Now, however, even the partial payments are being delayed, the Army says.
But wait. Not so, OPM says.
In a notice headlined “What to Expect When You Retire,” the Army told its civilian retirees last month that they should expect longer waits for the interim payments, up to two months.
“With OPM’s current backlog and the expected significant rise in retirement processing workload, the time frame for OPM to place an annuitant in interim pay may increase to 6-8 weeks after their retirement date,” according to the Army.
Asked about the Army’s statement, Ken Zawodny, OPM’s associate director for retirement and benefits, said: “The statement you referenced is not accurate. . . . Also, it is important to note that the time it takes to put people into interim payments is not changing.”
So we’ve got the Army saying one thing and OPM saying another. It is not a bright light for a federal retirement system already clouded with confusion. Pentagon officials did not provide the OPM document on which the Army said it based its information.
The Army statement did show kindness to its fellow agency by saying “OPM has made remarkable improvements by providing retirees interim pay” seven to 10 days after it receives the worker’s employment records.
According to OPM’s Strategic Plan for Retirement Services, “Typically, OPM receives these records about 30 days after an employee’s separation for retirement.”
The plan, which was sent to Congress this month, says “interim payments are authorized within five to seven days, for nearly all new claims (automated or manual) but the payments would come on the next regular scheduled pay cycle.”
But any improvement on the back end of processing interim checks — if there is any — is offset by earlier delays. The problem, according to the Army, is OPM typically did not get those records until four to six weeks after an employee’s retirement date. Now the Army says the four to six weeks has become six to eight weeks.
“Because of these anticipated delays, federal employees retiring in December 2011 or January 2012, are encouraged to carefully evaluate their financial status to ensure they have sufficient financial resources and are prepared for a 6-8 week period before receiving interim (estimated) payment,” the Army said, “and as much as a 6-12 month delay in receiving their final, approved annuity.”
If the Army is correct, this means people could be in tough shape if they are retiring from the federal government and can’t afford to go up to two months with no retirement income.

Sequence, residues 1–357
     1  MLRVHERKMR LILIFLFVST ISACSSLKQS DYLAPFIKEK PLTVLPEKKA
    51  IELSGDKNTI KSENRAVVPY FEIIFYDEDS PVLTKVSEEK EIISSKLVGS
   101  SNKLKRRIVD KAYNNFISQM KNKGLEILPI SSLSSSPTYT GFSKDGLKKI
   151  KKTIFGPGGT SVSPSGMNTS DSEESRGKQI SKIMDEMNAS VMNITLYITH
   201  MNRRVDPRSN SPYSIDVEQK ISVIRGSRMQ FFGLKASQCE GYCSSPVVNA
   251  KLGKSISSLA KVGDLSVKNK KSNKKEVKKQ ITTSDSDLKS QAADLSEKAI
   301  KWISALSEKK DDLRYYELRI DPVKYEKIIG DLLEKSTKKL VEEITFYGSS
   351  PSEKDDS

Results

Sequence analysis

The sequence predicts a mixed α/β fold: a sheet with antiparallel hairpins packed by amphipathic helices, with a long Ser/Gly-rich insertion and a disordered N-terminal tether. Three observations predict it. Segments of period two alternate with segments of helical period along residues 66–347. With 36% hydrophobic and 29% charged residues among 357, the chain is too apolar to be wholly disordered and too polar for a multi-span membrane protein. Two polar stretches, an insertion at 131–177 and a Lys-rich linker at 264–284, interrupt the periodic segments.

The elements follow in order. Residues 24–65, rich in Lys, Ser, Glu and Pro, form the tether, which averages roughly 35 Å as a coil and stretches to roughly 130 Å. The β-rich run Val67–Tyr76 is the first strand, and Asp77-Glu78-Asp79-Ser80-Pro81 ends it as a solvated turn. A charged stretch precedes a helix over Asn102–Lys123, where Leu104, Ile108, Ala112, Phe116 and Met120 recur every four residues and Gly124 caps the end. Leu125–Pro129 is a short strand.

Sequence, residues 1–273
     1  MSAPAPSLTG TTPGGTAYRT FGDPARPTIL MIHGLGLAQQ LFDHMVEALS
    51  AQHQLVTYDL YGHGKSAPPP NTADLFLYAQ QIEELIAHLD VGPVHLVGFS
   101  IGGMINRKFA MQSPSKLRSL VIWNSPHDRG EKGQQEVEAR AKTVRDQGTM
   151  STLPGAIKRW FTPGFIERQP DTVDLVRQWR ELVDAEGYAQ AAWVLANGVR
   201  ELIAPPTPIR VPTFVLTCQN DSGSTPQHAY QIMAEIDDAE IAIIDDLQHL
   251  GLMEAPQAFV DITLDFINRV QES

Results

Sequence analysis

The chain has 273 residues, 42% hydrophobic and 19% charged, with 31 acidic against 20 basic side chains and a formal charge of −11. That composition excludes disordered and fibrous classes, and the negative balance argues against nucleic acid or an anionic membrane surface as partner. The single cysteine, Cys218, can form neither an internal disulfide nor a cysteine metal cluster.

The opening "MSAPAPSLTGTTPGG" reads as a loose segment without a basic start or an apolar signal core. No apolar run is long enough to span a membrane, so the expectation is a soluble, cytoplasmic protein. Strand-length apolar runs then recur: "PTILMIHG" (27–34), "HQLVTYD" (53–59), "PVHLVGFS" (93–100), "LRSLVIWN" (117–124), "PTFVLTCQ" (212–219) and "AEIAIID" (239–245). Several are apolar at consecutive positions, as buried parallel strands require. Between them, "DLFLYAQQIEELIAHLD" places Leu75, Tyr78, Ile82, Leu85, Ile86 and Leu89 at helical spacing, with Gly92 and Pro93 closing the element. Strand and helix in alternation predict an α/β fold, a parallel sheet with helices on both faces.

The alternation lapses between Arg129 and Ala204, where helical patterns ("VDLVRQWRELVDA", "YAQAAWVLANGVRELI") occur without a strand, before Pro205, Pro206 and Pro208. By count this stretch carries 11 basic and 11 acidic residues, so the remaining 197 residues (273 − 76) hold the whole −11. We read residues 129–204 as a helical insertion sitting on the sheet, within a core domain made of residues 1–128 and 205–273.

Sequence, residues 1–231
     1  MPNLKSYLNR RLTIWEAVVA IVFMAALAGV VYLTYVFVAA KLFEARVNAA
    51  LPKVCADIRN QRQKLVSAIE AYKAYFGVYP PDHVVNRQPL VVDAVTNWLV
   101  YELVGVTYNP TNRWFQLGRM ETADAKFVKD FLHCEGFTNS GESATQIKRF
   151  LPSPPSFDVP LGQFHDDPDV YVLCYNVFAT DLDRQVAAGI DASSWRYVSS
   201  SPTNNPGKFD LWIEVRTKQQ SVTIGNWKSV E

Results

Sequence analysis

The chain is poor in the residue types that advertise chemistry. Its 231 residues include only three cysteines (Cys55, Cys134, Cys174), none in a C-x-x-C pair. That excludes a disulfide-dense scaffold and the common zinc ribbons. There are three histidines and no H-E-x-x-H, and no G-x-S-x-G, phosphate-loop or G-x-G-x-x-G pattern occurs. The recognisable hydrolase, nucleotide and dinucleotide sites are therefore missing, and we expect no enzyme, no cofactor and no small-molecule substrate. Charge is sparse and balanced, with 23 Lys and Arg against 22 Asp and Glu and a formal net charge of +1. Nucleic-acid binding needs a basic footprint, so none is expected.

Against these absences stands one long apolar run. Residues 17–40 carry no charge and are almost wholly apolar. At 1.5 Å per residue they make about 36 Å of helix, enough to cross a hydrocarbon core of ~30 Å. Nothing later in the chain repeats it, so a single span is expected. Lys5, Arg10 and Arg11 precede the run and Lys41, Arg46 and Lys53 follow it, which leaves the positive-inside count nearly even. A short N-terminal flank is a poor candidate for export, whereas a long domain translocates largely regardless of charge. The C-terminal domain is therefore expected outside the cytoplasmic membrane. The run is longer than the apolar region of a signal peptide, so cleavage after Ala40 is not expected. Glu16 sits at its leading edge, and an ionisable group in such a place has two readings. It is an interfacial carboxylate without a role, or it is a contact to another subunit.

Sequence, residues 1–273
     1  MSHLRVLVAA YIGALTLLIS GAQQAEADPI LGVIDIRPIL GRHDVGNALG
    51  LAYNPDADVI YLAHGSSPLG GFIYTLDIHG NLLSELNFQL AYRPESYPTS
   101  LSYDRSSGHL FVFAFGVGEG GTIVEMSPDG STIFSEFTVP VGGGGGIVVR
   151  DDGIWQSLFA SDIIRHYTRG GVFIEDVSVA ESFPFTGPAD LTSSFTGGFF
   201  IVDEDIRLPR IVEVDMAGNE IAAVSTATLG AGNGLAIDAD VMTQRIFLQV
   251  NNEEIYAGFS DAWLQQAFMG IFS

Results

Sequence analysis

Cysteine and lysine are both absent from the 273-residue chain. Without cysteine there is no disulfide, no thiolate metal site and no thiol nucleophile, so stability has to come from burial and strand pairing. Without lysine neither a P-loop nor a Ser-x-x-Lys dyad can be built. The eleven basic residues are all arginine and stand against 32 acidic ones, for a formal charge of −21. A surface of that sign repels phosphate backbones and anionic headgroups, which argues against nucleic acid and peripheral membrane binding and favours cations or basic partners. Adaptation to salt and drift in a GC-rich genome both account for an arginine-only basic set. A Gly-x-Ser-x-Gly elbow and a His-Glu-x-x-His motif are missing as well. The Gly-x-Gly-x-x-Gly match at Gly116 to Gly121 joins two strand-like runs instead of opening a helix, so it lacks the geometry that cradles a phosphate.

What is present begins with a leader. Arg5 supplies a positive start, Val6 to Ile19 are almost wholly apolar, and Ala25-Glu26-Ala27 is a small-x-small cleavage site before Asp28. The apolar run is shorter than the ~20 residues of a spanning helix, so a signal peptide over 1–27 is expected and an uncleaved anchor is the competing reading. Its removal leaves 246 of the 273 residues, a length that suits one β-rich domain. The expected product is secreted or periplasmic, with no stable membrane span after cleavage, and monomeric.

When they do get the partial payment, it could be much smaller than anticipated. Though the OPM strategic plan says “In FY [fiscal year] 2011, the average amount of interim pay received by annuitants was 80.3 percent of their final annuity,” it is not uncommon to hear of partial payments significantly lower than that.
The strategic plan lists several causes of lower retirement pay. One is the retiree is entitled to special consideration as a member of certain retirement groups such as law enforcement officers, firefighters and air traffic controllers. Other reasons include a court order affecting the applicant’s retirement or military retirement pay that must be included in the calculation.
In some cases, OPM said it could be unable to authorize interim payments for several reasons: unverified service, the retiree is getting workers’ compensation payments, or the annuity is too small to withhold health or life insurance premiums.
Ron Schneider, an Olney, Md., resident who put in 23 years with Veterans Affairs, said he gets a monthly partial payment that’s about 60 percent of his expected full check. “It’s about $1,000 less than it should be,” he said.
The reasons OPM gives for lower interim payments don’t apply to him.
“It should be a straight computation,” he said.
It’s not just the short check that irks Schneider. It’s also the poor communication from OPM. Like others who have complained to the Federal Diary, Schneider is frustrated with the level of information OPM provides retirees.
“That’s the problem with OPM,” he said. “We can never get answers out of them.”
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